Phinney: A couple images come to mind. We would ride the passes on some of the mountain days. I was just getting into riding, I was starting to ride more and I was starting to get stronger. I had no idea what any of that meant. I would just ride. I was able to do all these huge climbs in the Alps. I would ride around with the white Best Young Rider's jersey. We would ride before the stage. The whole way up was packed with humans who were there to watch this one thing. Occasionally people would cheer for me, because I had the white jersey on. I met Robbie McEwen in the [start] village, met Axel Merckx -- all these guys knew who my dad was, and thought my dad was badass. I think I gained a real appreciation at that moment for my parents' careers as well, because I always viewed cycling as this weird dream world that my parents spent most of their lives in but that I was never gonna be a part of.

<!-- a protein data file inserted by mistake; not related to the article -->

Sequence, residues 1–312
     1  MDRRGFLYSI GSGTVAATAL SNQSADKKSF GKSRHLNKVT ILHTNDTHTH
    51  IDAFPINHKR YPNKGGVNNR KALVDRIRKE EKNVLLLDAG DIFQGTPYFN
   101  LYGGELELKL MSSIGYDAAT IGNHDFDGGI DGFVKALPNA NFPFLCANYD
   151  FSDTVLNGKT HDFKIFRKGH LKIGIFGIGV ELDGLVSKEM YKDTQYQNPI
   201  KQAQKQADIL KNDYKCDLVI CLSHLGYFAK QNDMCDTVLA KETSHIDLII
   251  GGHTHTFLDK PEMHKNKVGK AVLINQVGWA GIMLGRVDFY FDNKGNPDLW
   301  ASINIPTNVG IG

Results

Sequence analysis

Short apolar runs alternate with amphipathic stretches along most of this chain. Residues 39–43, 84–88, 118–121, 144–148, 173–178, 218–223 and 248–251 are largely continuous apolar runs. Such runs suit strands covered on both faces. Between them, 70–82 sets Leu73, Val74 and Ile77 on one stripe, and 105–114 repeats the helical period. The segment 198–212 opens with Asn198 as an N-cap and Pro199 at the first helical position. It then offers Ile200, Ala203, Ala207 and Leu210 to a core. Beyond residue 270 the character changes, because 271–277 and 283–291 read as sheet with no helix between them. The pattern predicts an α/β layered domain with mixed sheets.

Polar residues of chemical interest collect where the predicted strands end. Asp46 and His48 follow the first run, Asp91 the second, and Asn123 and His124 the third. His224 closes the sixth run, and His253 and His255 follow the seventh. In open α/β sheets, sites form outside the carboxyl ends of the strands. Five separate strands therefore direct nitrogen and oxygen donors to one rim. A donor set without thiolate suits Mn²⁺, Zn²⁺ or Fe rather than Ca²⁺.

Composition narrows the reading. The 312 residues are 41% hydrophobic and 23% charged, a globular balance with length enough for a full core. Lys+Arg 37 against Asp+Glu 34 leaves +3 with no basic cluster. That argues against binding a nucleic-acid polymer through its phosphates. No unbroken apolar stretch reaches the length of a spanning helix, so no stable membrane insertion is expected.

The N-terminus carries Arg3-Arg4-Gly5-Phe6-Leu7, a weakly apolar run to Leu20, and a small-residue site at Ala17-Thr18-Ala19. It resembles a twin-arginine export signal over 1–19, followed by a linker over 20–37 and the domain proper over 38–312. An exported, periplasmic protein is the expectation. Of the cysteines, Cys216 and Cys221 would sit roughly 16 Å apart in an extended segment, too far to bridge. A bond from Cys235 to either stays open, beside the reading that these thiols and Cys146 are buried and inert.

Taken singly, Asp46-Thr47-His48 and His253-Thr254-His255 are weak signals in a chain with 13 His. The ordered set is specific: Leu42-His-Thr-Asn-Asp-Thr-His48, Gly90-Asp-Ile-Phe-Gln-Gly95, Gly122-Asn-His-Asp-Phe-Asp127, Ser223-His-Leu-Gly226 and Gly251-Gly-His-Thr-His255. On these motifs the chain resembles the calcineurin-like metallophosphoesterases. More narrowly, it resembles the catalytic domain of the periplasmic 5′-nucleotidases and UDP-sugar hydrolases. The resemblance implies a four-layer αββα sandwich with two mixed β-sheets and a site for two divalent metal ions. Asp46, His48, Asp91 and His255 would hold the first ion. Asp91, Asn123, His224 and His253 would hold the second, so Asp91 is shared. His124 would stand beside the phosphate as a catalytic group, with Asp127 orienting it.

ESPN: Given the breaks you've had to take this season, where are your expectations for the first time trial? [Phinney took a total of nearly two months off between February and late May.]
Phinney: Definitely had a bumpy road getting to this point in the season, much bumpier than I had anticipated. But this distance in a time trial is something I've always clicked with, enjoyed, been able to wrap my head around. So I'm still very much looking forward to the first stage in Dusseldorf. I can't say that I've had perfect preparation for it, but you have to be confident and optimistic about going into something that you feel like you're naturally gifted at. There's only so many excuses, as well. I've been able to handle [the injuries] well and just go with the flow and allow my body to recover from the things I put it through. I respect that time clock, the body clock, I think that's really important.